African children's choir hopes to inspire listeners to help at Superior concert

Central Assembly of God will fill with the heavenly sounds of children ages 7-10 when the African Children's Choir comes to Superior later this month.

The African Children’s Choir
The African Children’s Choir will perform in Superior later this month.

Central Assembly of God will fill with the heavenly sounds of children ages 7-10 when the African Children’s Choir comes to Superior later this month.
The children promise to melt hearts with charming smiles, African tunes accompanied by ethnic instrumentation, along with well-loved children’s songs, hand clapping, traditional spirituals and contemporary tunes.
But it’s more than that - it’s an opportunity to change the lives of destitute children orphaned by famine and bloody civil war.
The choir got its start in 1984, when founder Ray Barnett saw the potential for helping to improve the condition of African children. By helping the children now, the goal is help Africa tomorrow.
Barnett, who first went to Africa in 1977, saw poverty, starvation, injustice, disease and violence in different areas, according to the organization’s website. He knew that people get uncomfortable and tired of seeing such depressing images, and the way to really get inspired was to see the beauty and potential that exists even amid those areas of darkness and despair.
“He wanted to give the children hope and education,” said Carrie Linan, tour leader of the group coming to Superior. “Since then we’ve had 42 choirs come out to the United States, and other parts of the world as well.”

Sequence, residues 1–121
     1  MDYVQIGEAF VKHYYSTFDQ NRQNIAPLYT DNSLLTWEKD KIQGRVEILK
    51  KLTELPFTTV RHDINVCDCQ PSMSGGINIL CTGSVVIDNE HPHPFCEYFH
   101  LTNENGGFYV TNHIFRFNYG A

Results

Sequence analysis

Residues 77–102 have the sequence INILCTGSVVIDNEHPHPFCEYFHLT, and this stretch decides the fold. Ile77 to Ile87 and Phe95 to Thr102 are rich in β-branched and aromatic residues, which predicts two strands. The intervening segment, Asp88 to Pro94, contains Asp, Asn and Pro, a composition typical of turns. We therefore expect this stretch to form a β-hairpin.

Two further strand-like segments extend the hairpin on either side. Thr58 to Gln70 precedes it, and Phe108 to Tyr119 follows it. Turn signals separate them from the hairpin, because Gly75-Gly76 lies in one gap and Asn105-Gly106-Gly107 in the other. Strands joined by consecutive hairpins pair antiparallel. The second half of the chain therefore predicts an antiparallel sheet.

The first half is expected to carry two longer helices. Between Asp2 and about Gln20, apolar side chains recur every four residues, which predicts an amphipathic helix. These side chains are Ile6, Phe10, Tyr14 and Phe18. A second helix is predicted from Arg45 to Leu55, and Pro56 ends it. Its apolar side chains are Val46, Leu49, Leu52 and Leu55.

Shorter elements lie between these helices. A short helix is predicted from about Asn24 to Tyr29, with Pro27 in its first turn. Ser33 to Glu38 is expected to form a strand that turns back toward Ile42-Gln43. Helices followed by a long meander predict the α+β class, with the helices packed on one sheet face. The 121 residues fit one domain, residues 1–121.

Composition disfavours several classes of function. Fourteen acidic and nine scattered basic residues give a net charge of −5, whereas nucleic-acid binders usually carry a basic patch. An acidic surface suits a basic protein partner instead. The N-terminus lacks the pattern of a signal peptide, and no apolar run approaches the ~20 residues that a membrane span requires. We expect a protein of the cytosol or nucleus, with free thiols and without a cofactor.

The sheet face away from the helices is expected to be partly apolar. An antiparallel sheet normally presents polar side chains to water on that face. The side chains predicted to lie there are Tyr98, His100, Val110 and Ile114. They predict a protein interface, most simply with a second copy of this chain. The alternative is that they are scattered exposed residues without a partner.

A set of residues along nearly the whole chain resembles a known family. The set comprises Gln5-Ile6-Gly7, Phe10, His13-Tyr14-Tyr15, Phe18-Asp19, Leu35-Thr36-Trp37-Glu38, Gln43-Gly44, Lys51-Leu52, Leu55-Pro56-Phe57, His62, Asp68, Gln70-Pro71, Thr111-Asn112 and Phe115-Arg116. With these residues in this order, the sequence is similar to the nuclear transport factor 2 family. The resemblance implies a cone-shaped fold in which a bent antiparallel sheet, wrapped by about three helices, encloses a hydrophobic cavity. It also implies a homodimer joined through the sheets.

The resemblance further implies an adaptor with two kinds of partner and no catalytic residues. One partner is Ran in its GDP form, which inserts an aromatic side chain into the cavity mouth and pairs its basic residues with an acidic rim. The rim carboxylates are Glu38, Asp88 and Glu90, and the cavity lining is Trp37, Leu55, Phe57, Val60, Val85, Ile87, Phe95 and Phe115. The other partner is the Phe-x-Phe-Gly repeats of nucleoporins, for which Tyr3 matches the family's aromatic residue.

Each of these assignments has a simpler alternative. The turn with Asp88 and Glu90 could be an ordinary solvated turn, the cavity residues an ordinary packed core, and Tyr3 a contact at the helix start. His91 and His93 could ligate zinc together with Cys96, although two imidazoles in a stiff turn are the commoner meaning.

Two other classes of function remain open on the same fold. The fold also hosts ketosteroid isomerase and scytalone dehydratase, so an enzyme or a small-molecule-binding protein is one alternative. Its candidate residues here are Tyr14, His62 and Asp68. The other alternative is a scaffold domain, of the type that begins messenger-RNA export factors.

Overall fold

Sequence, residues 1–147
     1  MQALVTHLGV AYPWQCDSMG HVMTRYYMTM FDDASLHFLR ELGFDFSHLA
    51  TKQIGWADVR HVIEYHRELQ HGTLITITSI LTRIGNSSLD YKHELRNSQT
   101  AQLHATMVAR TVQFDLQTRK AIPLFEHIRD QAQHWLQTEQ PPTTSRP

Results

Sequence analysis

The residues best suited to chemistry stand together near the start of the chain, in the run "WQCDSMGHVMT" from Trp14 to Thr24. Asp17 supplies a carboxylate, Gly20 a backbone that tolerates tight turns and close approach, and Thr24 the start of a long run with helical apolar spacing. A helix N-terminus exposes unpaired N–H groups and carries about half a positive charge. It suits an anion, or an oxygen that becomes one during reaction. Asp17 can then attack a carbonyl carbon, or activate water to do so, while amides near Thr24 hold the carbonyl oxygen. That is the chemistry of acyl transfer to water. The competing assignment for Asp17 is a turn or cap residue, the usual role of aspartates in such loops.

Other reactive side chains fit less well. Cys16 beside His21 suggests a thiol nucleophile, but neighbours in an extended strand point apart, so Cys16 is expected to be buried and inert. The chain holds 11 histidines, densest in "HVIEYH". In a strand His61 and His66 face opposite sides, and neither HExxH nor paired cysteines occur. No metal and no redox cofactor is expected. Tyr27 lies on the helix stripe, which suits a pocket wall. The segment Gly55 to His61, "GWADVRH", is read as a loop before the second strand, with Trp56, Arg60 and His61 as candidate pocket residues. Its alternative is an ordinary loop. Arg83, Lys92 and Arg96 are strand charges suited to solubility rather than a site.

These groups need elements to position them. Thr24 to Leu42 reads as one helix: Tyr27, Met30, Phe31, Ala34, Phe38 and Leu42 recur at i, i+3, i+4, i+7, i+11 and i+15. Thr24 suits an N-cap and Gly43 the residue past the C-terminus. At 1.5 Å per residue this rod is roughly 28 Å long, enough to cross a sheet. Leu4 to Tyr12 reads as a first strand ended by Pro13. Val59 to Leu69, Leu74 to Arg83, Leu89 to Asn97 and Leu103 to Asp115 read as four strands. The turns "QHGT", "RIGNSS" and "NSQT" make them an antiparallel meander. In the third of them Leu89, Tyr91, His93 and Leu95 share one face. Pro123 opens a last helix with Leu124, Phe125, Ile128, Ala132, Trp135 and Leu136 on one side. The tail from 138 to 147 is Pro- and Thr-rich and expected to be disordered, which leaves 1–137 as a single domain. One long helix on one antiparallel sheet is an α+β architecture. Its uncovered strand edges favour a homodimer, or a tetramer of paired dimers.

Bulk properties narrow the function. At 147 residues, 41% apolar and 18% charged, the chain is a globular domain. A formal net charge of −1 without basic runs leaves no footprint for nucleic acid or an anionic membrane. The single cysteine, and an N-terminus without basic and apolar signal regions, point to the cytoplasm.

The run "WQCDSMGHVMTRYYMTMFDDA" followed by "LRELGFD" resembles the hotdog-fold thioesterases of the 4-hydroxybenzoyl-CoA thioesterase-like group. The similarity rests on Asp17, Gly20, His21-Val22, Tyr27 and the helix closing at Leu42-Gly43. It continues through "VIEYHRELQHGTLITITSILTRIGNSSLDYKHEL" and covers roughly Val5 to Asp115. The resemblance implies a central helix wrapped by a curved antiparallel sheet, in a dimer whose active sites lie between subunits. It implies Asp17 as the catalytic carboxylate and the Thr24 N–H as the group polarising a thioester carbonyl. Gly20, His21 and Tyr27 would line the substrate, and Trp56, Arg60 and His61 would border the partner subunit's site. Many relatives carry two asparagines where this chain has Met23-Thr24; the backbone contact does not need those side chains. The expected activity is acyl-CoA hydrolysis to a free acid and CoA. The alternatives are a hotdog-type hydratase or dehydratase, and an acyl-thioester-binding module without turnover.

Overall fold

Eighteen children from Uganda - 10 girls and eight boys - perform contemporary Christian music, gospel as well as some of their native African music, said Tina Sipp, event coordinator for the children’s choir.
In Superior, they perform at 7 p.m. Sept. 26 at Central Assembly of God, 3000 Hammond Ave.
“The children that we work with are from some of the most vulnerable areas of Africa, Linan said. “They are from extreme poverty, and they basically wouldn’t have the opportunity to receive an education because of their situation. … They’re at a poverty level that wouldn’t even allow them to go to public school.”
The choirs help support the education of 7,000 to 8,000 students in Uganda, Rwanda, Nigeria, South Africa, Sudan, Kenya, and Ghana.
Now in its 30th year, the program has helped about 52,000 children, Linan said. And students who participate in the traveling choir benefit from more than the opportunity to travel to other countries.
“By being a member of the choir, they are guaranteed to have their education paid for through the post-secondary level - not just high school, but then vocational school, trade school, university after that,” Linan said.
Linan said there are not a lot of jobs she’s had where she woke up in the morning to realize that she was going to make such a profound difference in the lives of others.
“Concert-goers will be a part of that,” Linan said. “They will actually be able to turn the course of a life 180 degrees. To me, that’s a great investment.”
While the concert is free, donations are accepted to help the mission of the African Children’s Choir programs.
“I have been to Africa now three or four times,” said Sipp, who is now in her 11th year working with the African Children’s Choir. “I have seen where the kids start their day and where they go to school and what they go back home to. I have seen with my own eyes children I have toured with now graduating from high schools.”
Sipp said the difference in their lives is profound.
“They will become their own ripple effect,” Sipp said. “They will be able to provide for younger brothers and sisters. They will be able to be very influential people within their communities.”
Sipp said she’s only booking concerts, but she sees it as more than that.
People will have the opportunity to experience something different - the joy the children provide, and the hope and potential they have, Linan said.
“I’ve seen the profound impact it has on real lives,” Sipp said. “It doesn’t take much to get me to work every morning.”


If you go

What: African Children’s Choir
When: 7 p.m. Sept. 26
Where: Central Assembly of God, 3000 Hammond Ave., Superior

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